Fitness & Nutrition Fitness & Nutrition

Fitness & Nutrition

Soda bottles displayed in a San Francisco market.A federal appeals court blocked a city law requiring advertisement warnings on the potential health impacts of sugary drinks. Justin Sullivan/Getty Images hide caption

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Justin Sullivan/Getty Images

To help protect the planet and promote good health, people should eat less than 1 ounce of red meat a day and limit poultry and milk, too. That's according to a new report from some of the top names in nutrition science. People should instead consume more nuts, fruits and vegetables, legumes, and whole grains, the report says. The strict recommended limits on meat are getting pushback. Westend61/Getty Images/Westend61 hide caption

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Westend61/Getty Images/Westend61

Skeletal muscle cells from a rabbit were stained with fluorescent markers to highlight cell nuclei (blue) and proteins in the cytoskeleton (red and green). Daniel Schroen, Cell Applications Inc./Science Source hide caption

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Daniel Schroen, Cell Applications Inc./Science Source

Shoppers say they want simpler information to help them figure out which foods are healthy. But a one-size-fits-all solution may not work. asiseeit/Getty Images hide caption

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asiseeit/Getty Images

Slow carbs like whole-grain breads and pastas, oats and brown rice are rich in fiber and take more time to digest, so they don't lead to the same quick rise in blood sugar that refined carbs can cause. fcafotodigital/Getty Images hide caption

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fcafotodigital/Getty Images

"It feels like confessing a crime," Tommy Tomlinson says about revealing his weight in his new book, The Elephant in the Room: One Fat Man's Quest to Get Smaller in a Growing America. Courtesy of Simon & Schuster hide caption

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Courtesy of Simon & Schuster

He Was 460 Pounds. What Confronting His Weight Taught Him About Obesity In America

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Even something as simple as chopping up food on a regular basis can be enough exercise to help protect older people from showing signs of dementia, a new study suggests. BSIP/UIG/Getty Images hide caption

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BSIP/UIG/Getty Images

Daily Movement — Even Household Chores — May Boost Brain Health In Elderly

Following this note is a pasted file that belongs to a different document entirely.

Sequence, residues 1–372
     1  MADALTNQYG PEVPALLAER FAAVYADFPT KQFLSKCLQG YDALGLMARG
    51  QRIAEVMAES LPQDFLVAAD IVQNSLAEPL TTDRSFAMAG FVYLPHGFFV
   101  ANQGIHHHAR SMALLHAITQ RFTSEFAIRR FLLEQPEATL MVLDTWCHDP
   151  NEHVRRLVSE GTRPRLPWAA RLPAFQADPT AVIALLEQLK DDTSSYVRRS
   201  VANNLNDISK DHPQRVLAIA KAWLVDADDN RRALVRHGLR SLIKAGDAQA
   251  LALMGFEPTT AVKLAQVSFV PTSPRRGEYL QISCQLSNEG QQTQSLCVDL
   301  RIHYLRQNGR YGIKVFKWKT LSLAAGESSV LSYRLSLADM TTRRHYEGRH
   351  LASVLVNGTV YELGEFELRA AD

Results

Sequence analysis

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A migrant worker in a Connecticut apple orchard gets a medical checkup in 2017. A proposed rule by the Trump administration that would prohibit some immigrants who get Medicaid from working legally has already led to a lot of fear and reluctance to sign up for medical care, doctors say. Spencer Platt/Getty Images hide caption

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Spencer Platt/Getty Images

"Feeling better isn't just this selfish, hedonic thing — it actually is fuel. I consider energy from taking care of yourself as essential fuel for the things that matter most in our lives," says Michelle Segar, a psychologist at the University of Michigan who studies how we sustain healthy behaviors like exercise. Saviour Giyorges / EyeEm/Getty Images/EyeEm Premium hide caption

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Saviour Giyorges / EyeEm/Getty Images/EyeEm Premium

From Couch Potato To Fitness Buff: How I Learned To Love Exercise

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Left to right: The trainer demonstrates squats with a chair, pull-ups with a towel wrapped around a banister and jumping jack intervals. Jenna Sterner/NPR hide caption

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Jenna Sterner/NPR

Get Fit — Faster: This 22-Minute Workout Has You Covered

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Costco Wholesale requires its food suppliers to undergo annual inspections and requires some produce suppliers to hold shipments until tests come back negative for disease-causing bacteria. Mark Peterson/Corbis via Getty Images hide caption

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Mark Peterson/Corbis via Getty Images

Don't Panic: The Government Shutdown Isn't Making Food Unsafe

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Students exercise at a weight-loss summer camp in China's Shandong Province. The government promotes physical activity as the solution to a growing obesity problem. Wang Zhide/VCG via Getty Images hide caption

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Wang Zhide/VCG via Getty Images